Given how the airport supporters consistently claim that 98% of Thanet supports RSP’s plans for a 24/7 cargo hub airport, it was interesting to see that they could only get 286 people to respond to their survey about RSP’s consultation.
We decided we could do better even though it was only 48 hours before the end of the consultation. We carried out our own online survey among our supporters to see if we could get more than 286 people to respond in such a short period of time. By 2pm on Sunday 23rd July, we started pulling the data together although people are still completing the survey as we speak.
318 people responded.
79% of them live in CT11 – Ramsgate
8% live in CT6 – Herne Bay
5% live in CT 12 – Ramsgate, Minster, Cliffsend, Monkton, Manston
4% live in CT10 – Broadstairs
3% live in CT9 – Margate
1% live in CT8 – Westgate-on-Sea
And we had a couple of respondents from Deal and Canterbury
As you can see, unlike many of the airport supporters, ours are drawn from the people most affected by RSP’s plans, people who, in the main, live under the flight path.
Here is a fuller analysis of the survey results.
The vast majority of respondent, 89%, live under the flight path of the old Manston airport and would be directly impacted by the RSP proposals. A resounding majority, 89%, had not been directly informed, by mail or leaflet, of the RSP consultation, with only 35 respondents answering positively to this question and 5 people not responding.
NNF had obviously publicised the consultation and the consultation events to its members, indeed, NNF had distributed 40, 000 leaflets across the flight path given that RSP had neglected to directly inform the vast majority of residents and businesses most affected but had only been able to do so after the events had taken place. This meant that the majority of people were unaware of the events and could not attend.
Of our respondents, 206 had not been able to attend an event. It should be noted that our respondents were drawn from a pool of established NNF supporters who were at least aware of the events. Even so, only 34% had been able to attend any of the consultation events. Nearly unanimously, 98% of of our participants felt that the consultation was not of sufficient length given the scale and nature of the proposed project with only 2% agreeing that it was of sufficient length.
Of those that did manage to attend an event:
- 87% felt the event was disappointing in terms of the information available
- 86% felt the event did not provide everything they needed to be sufficiently informed about the proposal
- 82% felt the responses from staff at the event were unhelpful, lacking in detail and/or contradictory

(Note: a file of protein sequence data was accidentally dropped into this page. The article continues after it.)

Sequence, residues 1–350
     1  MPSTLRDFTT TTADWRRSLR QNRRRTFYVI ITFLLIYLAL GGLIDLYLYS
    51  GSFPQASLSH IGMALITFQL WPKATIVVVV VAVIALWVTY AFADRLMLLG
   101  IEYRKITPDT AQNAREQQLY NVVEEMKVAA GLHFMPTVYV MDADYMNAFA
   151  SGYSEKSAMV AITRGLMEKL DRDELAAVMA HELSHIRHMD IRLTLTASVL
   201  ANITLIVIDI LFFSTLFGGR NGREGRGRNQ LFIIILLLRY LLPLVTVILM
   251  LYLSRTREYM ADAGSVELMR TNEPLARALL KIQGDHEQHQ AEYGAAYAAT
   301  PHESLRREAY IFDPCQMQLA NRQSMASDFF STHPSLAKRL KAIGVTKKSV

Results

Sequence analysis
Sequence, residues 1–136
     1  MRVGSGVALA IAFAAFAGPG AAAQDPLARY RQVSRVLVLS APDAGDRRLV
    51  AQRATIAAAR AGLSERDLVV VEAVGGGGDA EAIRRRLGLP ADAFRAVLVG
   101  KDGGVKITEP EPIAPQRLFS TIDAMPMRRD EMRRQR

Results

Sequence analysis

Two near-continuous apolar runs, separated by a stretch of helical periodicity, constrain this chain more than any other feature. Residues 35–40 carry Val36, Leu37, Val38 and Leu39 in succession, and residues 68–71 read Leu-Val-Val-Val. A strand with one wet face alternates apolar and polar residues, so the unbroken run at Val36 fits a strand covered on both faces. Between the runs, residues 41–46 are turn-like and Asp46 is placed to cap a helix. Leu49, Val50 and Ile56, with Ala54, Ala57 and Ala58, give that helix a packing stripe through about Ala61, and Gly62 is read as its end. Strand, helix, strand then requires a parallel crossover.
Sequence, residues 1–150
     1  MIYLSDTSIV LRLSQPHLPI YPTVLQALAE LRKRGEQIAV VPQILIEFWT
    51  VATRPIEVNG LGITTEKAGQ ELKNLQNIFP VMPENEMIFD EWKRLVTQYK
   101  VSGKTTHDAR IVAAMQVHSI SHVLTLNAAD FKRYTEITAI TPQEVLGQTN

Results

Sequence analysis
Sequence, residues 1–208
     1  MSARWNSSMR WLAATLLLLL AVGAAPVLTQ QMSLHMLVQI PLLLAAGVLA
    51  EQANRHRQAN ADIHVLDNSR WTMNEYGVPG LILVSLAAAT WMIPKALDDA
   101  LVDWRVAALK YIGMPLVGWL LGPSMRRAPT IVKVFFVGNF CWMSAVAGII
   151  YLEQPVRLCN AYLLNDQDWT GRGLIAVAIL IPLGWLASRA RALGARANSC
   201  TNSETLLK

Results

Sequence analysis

- Only 14% felt the event provided ample opportunity to ask questions
- Only 14% felt the event was welcoming and non-threatening
- Only 4% felt the event provided sufficient information on which to form a judgement regarding the proposal
- Only 4% felt the event was well-staffed by informed representatives
Respondents struggled to find/access documentation with some unable to do so. Even those who did manage to access the documentation struggled to make sense of it. Only 29 respondents found it accessible to read in language and length. Only 13 found if sufficiently informative and only 2 said that they found it sufficiently referenced through sources accessible to them as members of the public.
Regarding the business case and proposal itself, there were real deficiencies that our survey highlighted. 258 respondents had been able to access and read the information/documentation and responded as below:
- 96% felt there was insufficient information on timings of anticipated flights
- 95% felt there was insufficient information on numbers and timings of scheduled might flights
- 93% felt there was insufficient information on the environmental impact
- 93% felt there was insufficient information on noise contours
- 91% felt there was insufficient information on flight paths
- 90% felt there was insufficient information on the number and type of aircraft anticipated
- 90% felt there was insufficient information on the social and economic impact
- 89% felt there was insufficient information on pollution
- 89%felt there was insufficient information on mitigation for those most negatively impacted.
- 88% felt there was insufficient information on hours of airport operation
- 83% felt there was insufficient information on evidence of investment
- 81% felt there was insufficient information on public safety zones
- 9% felt there was insufficient information on their business plan
- 73% felt there was insufficient information on their delivery strategy
- 70% felt there was insufficient information on the physical development of the site
- 4% were satisfied that sufficient information was provided on all/most of the areas.
The NNF survey, in an extremely tight time frame, managed to hear from 318 members. The airport supporters managed only 286 responses to their survey despite running it for over 2 weeks. What is evident is that the RSP statutory consultation has failed to reach the vast majority of people who will be most affected by their proposals. This is on of the most serious flaws in this consultation. Added to this, as evidenced in this survey, are failings with regard to the events, the staff, the information, the business case and the proposal itself.
The vast majority of respondents here come from Ramsgate and Thanet and are extremely unhappy with the way they have been treated by RSP and with proposals that lack any real information or detail on which to form a judgement.